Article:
- Learning how to float on font and back and being able to stand from a floating position
- Developing kicking skills on both front and back
- Forward movement through the water with eyes in, blowing bubbles
Aqualink Nunawading, Fraser Place, Forest Hill, VIC – 3131
Tintern Grammar Cnr of Loma and Morinda Streets, East Ringwood, VIC – 3135
Mt. Scopus Memorial College, 87 Station Street, Burwood VIC – 3125
Wesley College, 620 High Street Road, Glen Waverley, VIC – 3150
The cost of kids’ swimming lessons can vary significantly based on several factors. These include the location of the swimming facility, whether it’s a private or group lesson. Some programs offer package deals for multiple lessons, which may provide a discount compared to single-lesson pricing. Please contact us for more information.
The recommended age for starting swimming lessons can vary, but many experts suggest beginning as early as possible, from the age of 4 months onwards. Early exposure to water helps children become comfortable in aquatic environments. It can be crucial for developing water safety skills. However, every child is different, and it’s essential to consider their readiness for swimming classes.
By the age of 7, it is generally beneficial for a child to have basic swimming skills, especially for safety reasons. Knowing how to swim can be a life-saving skill, and early training can provide a foundation for more advanced swimming techniques. However, it’s important to note that children develop at different rates, and some may take longer to become comfortable in the water. Therefore, if a 7-year-old is not yet able to swim, it’s never too late to start swimming classes.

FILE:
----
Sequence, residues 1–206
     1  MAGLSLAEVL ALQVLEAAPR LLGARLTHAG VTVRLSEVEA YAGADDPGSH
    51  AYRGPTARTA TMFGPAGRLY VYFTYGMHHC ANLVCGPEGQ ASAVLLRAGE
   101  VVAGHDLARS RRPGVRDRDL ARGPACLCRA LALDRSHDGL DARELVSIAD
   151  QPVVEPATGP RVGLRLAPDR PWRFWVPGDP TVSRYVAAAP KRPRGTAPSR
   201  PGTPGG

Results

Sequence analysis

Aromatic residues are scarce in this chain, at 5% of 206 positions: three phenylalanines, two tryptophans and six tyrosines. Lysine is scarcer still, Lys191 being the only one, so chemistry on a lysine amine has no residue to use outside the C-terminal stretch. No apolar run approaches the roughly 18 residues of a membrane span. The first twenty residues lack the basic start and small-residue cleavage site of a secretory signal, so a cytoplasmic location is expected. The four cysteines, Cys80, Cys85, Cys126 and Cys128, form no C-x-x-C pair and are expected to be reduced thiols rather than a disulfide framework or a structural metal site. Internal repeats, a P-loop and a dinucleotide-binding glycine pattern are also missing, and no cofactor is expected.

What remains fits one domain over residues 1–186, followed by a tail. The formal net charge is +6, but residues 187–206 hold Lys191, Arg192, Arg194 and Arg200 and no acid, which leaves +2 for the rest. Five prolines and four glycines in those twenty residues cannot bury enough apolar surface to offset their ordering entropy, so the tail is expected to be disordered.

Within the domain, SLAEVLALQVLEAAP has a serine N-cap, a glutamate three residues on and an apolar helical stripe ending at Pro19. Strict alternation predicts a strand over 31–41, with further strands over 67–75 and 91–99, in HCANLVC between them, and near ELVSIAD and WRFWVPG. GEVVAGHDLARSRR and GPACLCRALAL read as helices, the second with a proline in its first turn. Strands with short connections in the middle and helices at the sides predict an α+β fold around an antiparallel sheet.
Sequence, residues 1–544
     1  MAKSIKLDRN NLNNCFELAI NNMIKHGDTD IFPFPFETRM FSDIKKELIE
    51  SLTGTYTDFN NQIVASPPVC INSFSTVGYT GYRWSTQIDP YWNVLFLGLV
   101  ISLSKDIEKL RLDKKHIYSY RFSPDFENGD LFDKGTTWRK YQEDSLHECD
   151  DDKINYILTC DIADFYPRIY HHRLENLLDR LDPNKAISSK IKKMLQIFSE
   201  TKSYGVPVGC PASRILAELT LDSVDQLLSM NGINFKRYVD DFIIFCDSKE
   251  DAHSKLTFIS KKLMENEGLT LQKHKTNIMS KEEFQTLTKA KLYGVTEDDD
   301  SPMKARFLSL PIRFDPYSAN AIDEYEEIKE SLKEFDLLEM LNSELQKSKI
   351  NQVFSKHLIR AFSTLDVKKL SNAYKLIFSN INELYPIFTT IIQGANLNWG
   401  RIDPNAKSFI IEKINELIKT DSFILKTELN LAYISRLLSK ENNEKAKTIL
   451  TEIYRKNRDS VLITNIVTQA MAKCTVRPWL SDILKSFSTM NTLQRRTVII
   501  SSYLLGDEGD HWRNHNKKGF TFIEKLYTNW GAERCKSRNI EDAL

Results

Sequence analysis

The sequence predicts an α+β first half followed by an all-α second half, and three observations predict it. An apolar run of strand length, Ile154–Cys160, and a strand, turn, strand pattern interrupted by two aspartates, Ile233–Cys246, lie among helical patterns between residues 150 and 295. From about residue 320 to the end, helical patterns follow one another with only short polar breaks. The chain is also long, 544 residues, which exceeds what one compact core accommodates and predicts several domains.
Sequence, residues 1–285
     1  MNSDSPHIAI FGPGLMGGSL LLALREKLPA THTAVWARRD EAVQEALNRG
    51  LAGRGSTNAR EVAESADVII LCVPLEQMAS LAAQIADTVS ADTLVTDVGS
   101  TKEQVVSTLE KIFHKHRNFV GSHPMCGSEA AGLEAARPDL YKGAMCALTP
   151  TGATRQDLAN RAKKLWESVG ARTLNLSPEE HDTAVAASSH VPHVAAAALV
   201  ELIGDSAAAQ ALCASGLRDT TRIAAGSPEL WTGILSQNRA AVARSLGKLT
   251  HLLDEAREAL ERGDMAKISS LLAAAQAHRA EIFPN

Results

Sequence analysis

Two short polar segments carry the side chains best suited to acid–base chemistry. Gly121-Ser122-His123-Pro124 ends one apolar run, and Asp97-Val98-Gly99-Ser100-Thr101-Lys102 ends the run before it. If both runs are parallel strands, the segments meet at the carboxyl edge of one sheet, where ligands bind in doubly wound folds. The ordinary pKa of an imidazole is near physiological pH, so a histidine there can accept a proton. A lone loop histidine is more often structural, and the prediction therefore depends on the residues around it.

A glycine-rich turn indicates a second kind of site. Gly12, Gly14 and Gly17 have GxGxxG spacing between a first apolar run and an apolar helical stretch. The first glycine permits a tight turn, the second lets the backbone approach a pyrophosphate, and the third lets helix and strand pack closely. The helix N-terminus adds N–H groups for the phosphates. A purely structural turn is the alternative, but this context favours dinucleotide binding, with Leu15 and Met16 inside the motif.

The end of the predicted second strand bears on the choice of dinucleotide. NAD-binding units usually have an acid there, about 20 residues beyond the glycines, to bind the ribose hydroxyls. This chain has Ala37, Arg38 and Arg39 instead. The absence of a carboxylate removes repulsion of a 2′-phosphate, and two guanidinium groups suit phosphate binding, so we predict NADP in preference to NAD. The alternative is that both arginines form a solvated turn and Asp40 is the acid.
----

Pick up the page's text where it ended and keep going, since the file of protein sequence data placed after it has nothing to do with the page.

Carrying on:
The frequency of swimming classes often depends on the child’s skill level, the program’s structure, and family schedule. For beginners, at least once a week is recommended to build basic skills and comfort in the water. As the child progresses and aims for more advanced skills, increasing the frequency to two or more times a week can be beneficial. Consistent practice is key to mastering swimming and improving water safety skills.
The decision to stop swimming classes can depend on various factors, including the child’s competency in the water and the goals of the swimming classes. Some children may stop after achieving basic water safety skills, while others continue to refine their techniques or engage in competitive swimming. It’s essential to assess your child’s abilities and comfort level in the water. If they can swim independently and understand essential water safety rules, you might stop swimming lessons, although periodic refresher courses are recommended.